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Random write shows the same story, the SSD excels as it does when connected to your system.

 

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Moving on we have sequential read results where you can see again the SSD excels here as well.

 

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Sequential write is the only place we find the HDD and SSD remotely close to each other, what we would call the peak performance of the appliance itself.

 

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The largest performance gain you will get from SSDs is with latency and yes we can achieve that snappy feeling with NAS appliances too.

 

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If you have ever tried to copy or move data to and from your NAS appliance, and had to wait before the transfer would start that would be latency, or waiting for the platters to spin up if you use standby. Again you can see how well the SSD does and predictably so.

 

As the price per GB of SSDs has dropped over the last year no longer are we using 30 and 60GB drives for our OSes, we have moved on to higher capacity 256GB,512GB and for some 1TB drives, so why are we still using HDDs in NAS appliances? The only answer I could come up with is simple, capacity. With the latest lineup of appliances from both Netgear and Qnap we have a higher level of data storage, giving us the ability to utilize storage pools instead of the traditional RAID array. With solutions like these you can setup a highly available SSD array for data you access the most or more often and a HDD array consisting of a high capacity platter drives, giving you the best of both worlds, Of course then we have to wrestle with data redundancy and there will be some trade-offs going from a pure platter based solution to a mix of SSD and HDD. For instance in a four bay appliance you could use three platter drives and one SSD, giving you the option for RAID5 redundancy on one volume and SSD latency one the other. Additionally you can setup a backup schedule on the NAS and have it replicate your SSD data to your array on a daily or weekly basis.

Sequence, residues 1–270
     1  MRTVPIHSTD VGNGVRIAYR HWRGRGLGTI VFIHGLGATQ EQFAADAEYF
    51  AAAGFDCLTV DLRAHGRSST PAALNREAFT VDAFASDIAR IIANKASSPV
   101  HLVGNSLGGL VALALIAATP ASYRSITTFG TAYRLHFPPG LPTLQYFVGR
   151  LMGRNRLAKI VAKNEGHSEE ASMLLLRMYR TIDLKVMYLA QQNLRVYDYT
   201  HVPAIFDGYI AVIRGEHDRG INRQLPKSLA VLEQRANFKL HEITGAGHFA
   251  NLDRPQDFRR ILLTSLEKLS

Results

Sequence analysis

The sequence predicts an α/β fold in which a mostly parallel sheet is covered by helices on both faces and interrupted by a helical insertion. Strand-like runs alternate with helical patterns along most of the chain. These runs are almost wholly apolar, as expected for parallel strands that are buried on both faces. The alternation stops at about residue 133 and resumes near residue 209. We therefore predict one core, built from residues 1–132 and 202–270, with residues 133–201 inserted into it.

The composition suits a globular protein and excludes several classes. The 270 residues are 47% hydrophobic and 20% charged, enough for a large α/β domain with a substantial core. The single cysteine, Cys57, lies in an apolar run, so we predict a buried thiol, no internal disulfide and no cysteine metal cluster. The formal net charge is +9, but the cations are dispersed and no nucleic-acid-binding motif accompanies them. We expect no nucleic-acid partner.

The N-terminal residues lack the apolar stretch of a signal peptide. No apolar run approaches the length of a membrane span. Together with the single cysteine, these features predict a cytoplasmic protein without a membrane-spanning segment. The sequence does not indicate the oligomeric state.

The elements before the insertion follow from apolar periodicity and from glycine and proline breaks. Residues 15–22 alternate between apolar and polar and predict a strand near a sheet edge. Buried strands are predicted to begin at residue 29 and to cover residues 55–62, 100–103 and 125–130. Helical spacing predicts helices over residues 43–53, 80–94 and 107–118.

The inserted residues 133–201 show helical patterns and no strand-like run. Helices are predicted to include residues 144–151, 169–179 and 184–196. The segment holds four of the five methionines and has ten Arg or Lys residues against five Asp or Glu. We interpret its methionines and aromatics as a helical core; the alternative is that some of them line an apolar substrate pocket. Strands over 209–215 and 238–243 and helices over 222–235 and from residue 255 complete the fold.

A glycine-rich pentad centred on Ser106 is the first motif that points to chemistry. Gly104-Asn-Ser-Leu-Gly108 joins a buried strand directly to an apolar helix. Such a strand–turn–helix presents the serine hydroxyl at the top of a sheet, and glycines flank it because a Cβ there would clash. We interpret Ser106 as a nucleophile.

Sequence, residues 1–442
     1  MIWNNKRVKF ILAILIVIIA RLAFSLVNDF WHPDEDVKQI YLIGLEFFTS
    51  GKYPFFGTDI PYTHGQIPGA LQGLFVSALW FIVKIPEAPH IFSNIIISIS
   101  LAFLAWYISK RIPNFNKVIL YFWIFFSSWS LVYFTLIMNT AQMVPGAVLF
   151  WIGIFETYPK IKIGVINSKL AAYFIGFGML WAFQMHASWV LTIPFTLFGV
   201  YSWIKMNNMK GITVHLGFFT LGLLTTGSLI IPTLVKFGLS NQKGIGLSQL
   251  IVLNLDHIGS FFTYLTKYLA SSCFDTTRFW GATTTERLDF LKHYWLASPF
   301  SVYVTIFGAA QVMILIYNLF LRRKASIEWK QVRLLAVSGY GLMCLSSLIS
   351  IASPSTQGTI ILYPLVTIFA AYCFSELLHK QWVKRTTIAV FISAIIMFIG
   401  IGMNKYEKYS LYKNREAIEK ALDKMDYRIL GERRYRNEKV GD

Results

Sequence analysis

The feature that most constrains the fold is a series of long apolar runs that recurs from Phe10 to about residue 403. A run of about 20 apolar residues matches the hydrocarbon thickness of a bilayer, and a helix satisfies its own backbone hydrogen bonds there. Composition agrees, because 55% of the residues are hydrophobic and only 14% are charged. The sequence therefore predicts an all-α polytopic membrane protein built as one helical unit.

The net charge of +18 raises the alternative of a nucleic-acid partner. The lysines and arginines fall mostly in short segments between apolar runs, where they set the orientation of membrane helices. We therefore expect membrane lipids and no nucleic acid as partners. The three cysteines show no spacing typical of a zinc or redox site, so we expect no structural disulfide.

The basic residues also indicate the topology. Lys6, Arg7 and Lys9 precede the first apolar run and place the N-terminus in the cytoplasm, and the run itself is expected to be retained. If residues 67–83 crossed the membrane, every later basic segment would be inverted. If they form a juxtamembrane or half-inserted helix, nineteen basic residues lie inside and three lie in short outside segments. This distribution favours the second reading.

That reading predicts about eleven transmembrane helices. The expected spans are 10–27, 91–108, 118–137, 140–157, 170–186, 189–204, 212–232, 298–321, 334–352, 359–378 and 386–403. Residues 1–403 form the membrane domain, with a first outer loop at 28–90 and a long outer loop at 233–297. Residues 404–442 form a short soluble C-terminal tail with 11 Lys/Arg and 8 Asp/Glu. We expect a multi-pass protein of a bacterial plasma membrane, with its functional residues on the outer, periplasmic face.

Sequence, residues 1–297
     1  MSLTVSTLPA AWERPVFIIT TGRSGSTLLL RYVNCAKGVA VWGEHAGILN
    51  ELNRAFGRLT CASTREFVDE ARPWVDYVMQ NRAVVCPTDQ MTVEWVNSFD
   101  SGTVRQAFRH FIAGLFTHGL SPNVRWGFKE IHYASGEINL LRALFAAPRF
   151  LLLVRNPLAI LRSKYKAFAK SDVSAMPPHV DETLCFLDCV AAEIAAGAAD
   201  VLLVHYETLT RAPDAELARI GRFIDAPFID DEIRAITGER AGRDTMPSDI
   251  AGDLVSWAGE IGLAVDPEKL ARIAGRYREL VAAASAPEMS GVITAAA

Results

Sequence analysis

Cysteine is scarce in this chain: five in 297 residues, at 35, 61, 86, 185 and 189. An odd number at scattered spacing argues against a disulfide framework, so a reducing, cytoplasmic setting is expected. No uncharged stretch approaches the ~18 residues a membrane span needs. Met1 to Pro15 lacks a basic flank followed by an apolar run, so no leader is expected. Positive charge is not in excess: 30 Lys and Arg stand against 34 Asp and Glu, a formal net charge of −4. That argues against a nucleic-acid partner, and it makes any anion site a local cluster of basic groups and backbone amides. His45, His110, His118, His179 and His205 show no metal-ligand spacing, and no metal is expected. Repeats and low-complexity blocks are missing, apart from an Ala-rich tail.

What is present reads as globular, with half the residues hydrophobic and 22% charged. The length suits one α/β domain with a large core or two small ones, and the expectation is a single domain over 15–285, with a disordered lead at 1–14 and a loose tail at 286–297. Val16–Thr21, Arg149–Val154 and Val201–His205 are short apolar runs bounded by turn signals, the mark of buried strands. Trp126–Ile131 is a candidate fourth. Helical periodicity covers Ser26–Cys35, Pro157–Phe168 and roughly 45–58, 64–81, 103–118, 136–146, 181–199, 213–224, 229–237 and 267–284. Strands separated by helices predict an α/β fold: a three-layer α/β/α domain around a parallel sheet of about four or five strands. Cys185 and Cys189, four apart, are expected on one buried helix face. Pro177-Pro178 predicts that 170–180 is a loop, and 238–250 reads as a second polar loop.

Being the Consumer Storage and Networking Editor here at TweakTown does allow me to look at and test a lot of the latest products coming to market and one thing I've always enjoyed was trying new things, like putting SSDs in NAS appliances and giving it a go. At any rate, we find out what works and what doesn't if there are performance gains or not and in the end help consumers with their purchase decisions. If you have any ideas you want me to try with storage or networking devices, or have an idea for future testing please don't hesitate, you can find me quite easily in the forums or drop me a line in email. Until next time. TB

Please Note: This blog is not edited by TweakTown staff, and may not represent the thoughts or opinions of TweakTown or its editors.